In Brain News, Press Releases

Updated shielding advice

Covid 19 shielding advice

On Monday 4th January, the government announced details of new national restrictions in England that will come into effect from Tuesday 5th January and will run initially until 21 February 2021. You can view the details of the national restrictions here.

As a result of the new restrictions, formal shielding measures are now in place for people who are clinically extremely vulnerable. For people living with a brain tumour diagnosis, this guidance applies to people having chemotherapy or who are on a high dose of steroids.

Scotland, Wales and Northern Ireland have different national restrictions and advice for clinically extremely vulnerable people.

Scotland – From Tuesday 5 January, mainland Scotland will move from Level 4 to a temporary Lockdown, with new guidance to stay at home except for essential purposes. Some islands will remain at Level 3.

You can view the guidance including that on shielding, here.

Wales – Wales is currently in alert Level 4.

You can view the guidance on shielding here.

Northern Ireland – Additional restrictions have been put in place in Northern Ireland until 6th February.

You can view the guidance on shielding here.                

Will I be told if I have to follow the shielding measures?

You will receive a letter if you are classed as being clinically extremely vulnerable and should be following the current shielding measures. This letter will replace any previous shielding letters that you may have received. You may also receive and email and/or text message reiterating this message.

What has changed?

From Tuesday 5th January, the shielding advice for clinically extremely vulnerable people in summary is:

  • You should stay at home as much as possible as per national lockdown restrictions
  • You can exercise outside and you can meet one other person from outside your household or support bubble to do so but should make sure you do this as safely as possible and follow social distancing guidelines.
  • You should continue to attend medical appointments and seek medical help if needed.
  • You should work from home where possible. If you are not able to work from home, the advice is that you should not go to work.
  • You are advised not to form childcare bubbles during the period of national lockdown.

Should other people in my household follow the formal shielding guidance?

Other people in your household do not need to follow the shielding guidance but do need to follow the National Lockdown rules. They can continue to go to work if they are unable to work from home.

What support is available to me if I am shielding?

  • Local councils are being given funding to provide support to clinically extremely vulnerable people who need it. This support will include help with shopping or requesting priority access to supermarket deliveries and signposting you to local support or befriending services.
  • If family and friends are not able to collect any prescriptions or medicines for you, you will be eligible for free medicines delivery from your community pharmacy.
  • If you cannot work from home, you are being advised not to go to work. You may be eligible for financial support through the following channels- Coronavirus Job Retention Scheme (furlough scheme), Statutory Sick Pay (SSP), Employment Support Allowance (ESA) or Universal Credit. You should speak to you employer as soon as you can about this new guidance.
  • The Government is offering a free 4-month supply of vitamin D supplements to all adults who are classed as clinically extremely vulnerable. You can register to receive these here.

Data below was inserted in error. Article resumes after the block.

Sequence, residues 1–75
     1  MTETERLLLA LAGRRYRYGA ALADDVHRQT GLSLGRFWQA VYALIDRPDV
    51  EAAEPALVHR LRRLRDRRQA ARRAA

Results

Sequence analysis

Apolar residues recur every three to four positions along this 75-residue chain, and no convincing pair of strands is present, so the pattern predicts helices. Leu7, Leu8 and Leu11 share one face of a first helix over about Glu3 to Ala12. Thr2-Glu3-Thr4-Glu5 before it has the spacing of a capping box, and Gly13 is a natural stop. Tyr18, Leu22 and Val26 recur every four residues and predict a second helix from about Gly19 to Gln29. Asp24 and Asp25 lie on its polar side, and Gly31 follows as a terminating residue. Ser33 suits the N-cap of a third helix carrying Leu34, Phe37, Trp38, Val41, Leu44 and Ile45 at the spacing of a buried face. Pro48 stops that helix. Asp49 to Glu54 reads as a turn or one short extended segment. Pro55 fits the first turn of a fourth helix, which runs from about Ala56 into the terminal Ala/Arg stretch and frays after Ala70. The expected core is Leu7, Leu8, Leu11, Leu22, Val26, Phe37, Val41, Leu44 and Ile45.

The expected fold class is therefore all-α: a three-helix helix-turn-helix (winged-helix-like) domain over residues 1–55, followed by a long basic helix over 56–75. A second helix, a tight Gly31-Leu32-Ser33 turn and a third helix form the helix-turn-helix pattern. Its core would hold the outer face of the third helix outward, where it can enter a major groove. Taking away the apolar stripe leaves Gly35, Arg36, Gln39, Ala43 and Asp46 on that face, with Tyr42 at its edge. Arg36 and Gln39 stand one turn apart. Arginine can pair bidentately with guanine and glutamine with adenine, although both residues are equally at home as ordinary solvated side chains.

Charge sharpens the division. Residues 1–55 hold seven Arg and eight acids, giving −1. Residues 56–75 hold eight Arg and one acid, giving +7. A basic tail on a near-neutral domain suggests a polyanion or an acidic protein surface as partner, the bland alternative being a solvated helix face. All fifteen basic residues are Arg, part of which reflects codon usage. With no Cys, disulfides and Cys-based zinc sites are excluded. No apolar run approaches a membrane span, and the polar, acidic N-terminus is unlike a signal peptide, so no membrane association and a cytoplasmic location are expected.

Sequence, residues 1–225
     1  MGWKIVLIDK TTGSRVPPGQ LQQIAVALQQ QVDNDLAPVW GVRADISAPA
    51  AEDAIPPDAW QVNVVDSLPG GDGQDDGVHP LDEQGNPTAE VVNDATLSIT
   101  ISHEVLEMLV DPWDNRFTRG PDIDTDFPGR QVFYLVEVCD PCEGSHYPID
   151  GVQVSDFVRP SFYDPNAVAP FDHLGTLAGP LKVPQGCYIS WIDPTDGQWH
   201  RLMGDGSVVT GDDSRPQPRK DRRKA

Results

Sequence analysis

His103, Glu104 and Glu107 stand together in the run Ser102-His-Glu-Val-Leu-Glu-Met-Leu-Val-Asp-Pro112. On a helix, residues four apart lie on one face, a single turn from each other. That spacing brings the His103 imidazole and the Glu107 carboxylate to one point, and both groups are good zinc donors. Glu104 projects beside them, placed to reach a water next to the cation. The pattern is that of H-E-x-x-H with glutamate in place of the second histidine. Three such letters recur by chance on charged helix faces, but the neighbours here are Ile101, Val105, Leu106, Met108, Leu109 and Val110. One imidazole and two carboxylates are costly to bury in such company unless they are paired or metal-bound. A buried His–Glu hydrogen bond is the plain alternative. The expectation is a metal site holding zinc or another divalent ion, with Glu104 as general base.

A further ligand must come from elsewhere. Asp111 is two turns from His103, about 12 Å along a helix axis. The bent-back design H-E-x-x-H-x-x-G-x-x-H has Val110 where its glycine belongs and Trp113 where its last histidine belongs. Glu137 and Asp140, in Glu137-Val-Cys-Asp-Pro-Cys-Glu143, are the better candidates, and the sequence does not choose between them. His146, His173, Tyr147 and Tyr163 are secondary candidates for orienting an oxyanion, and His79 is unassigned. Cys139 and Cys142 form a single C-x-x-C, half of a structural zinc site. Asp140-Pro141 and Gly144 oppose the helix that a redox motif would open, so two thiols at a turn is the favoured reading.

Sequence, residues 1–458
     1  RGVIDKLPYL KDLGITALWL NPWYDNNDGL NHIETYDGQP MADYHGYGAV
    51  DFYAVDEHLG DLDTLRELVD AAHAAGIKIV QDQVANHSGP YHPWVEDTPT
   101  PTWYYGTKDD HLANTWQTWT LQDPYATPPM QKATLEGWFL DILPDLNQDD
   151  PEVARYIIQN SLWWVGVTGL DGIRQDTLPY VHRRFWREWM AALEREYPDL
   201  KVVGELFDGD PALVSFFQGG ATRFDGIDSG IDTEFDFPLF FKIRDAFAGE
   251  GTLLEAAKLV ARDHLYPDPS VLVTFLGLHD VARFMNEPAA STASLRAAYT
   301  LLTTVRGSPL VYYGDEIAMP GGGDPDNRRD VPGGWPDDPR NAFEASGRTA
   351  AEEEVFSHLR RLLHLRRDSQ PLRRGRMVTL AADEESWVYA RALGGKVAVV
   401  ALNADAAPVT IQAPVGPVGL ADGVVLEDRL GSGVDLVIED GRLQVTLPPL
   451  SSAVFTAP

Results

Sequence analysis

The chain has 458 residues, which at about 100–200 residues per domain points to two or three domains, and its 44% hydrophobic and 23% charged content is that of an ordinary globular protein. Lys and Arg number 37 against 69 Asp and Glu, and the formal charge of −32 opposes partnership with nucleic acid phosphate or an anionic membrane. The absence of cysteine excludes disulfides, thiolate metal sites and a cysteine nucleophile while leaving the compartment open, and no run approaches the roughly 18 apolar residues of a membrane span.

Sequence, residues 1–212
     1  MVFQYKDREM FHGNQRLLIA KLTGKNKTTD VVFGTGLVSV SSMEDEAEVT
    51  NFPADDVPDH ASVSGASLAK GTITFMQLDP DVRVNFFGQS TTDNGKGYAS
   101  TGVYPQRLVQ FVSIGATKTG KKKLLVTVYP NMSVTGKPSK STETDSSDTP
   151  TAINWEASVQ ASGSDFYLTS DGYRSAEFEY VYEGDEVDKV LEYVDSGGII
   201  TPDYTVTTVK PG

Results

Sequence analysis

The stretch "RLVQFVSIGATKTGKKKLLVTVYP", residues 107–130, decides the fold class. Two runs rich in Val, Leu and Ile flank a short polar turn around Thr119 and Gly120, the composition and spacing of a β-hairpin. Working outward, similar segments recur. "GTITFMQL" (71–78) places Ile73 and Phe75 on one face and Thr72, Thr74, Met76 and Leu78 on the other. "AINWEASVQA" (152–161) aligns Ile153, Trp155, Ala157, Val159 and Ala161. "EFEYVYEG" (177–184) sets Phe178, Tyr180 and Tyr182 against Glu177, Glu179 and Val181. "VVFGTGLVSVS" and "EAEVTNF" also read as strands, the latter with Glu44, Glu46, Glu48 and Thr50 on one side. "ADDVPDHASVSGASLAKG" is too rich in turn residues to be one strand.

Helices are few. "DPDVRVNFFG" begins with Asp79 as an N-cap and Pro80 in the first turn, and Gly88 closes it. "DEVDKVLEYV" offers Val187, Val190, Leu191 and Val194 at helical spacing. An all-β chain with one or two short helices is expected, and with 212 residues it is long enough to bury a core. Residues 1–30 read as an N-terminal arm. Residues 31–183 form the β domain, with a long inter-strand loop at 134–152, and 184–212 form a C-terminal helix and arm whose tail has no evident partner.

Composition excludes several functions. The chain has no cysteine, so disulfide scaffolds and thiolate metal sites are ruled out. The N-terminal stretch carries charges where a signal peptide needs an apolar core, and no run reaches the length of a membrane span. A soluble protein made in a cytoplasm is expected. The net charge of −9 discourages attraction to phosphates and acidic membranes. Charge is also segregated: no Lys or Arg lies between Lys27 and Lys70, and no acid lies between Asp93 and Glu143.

You or someone on your behalf can register for support through the Government’s ‘National Shielding Service’ website. You can find this here.

Information about the vaccination against COVID-19 for clinically extremely vulnerable people:

If you are classed as being clinically extremely vulnerable and have had communications informing you of this, you will get priority access to the vaccination against COVID-19. You will contacted by the NHS with more information of when and you will be invited to get the vaccine.

If you have had the vaccination, you do still need to continue to shield until further notice as the Government continue to assess the impact of the vaccination against all groups.

You can full the view Government guidance on shielding here.

If you are feeling overwhelmed, worried or confused and would like to talk to a brainstrust support specialist, give us a call on 01983 292 405 or email

To read our full update on the current Coronavirus situation for people with a brain tumour, click here.

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The Brain Tumour Data Dashboard lets you explore up -to-date, population level data about the brain tumours diagnosed in England between 2013 and 2015. Using the drop down menus on the left you can select different groups of patients to view in the charts below. In these charts the number of patients for every 100 diagnoses is displayed as images of people. Patients have been grouped by date of diagnosis, type of tumour, age, gender, and region in England.

For each group of patients you can explore the different routes to diagnosis, the proportion of those who received chemotherapy or radiotherapy, as well as the survival of the patients within each group. For more information about what these metrics mean please see the glossary.

How to use

  1. Select the year of diagnosis using the drop down menu.
  2. Select your patient group of interest from the four drop down menus in the following order:
    1. Tumour group
    2. Age at diagnosis
    3. Region of England
    4. Gender of patient
  3. To view a second chart to compare different groups of patients, click the ‘compare’ button.The second chart will appear below the first chart.

*Note that the tool is best used on a laptop or tablet rather than a mobile phone*

Unavailable data

Some of the data in these charts is not available.There are two main reasons for this:

  1. How the data has been grouped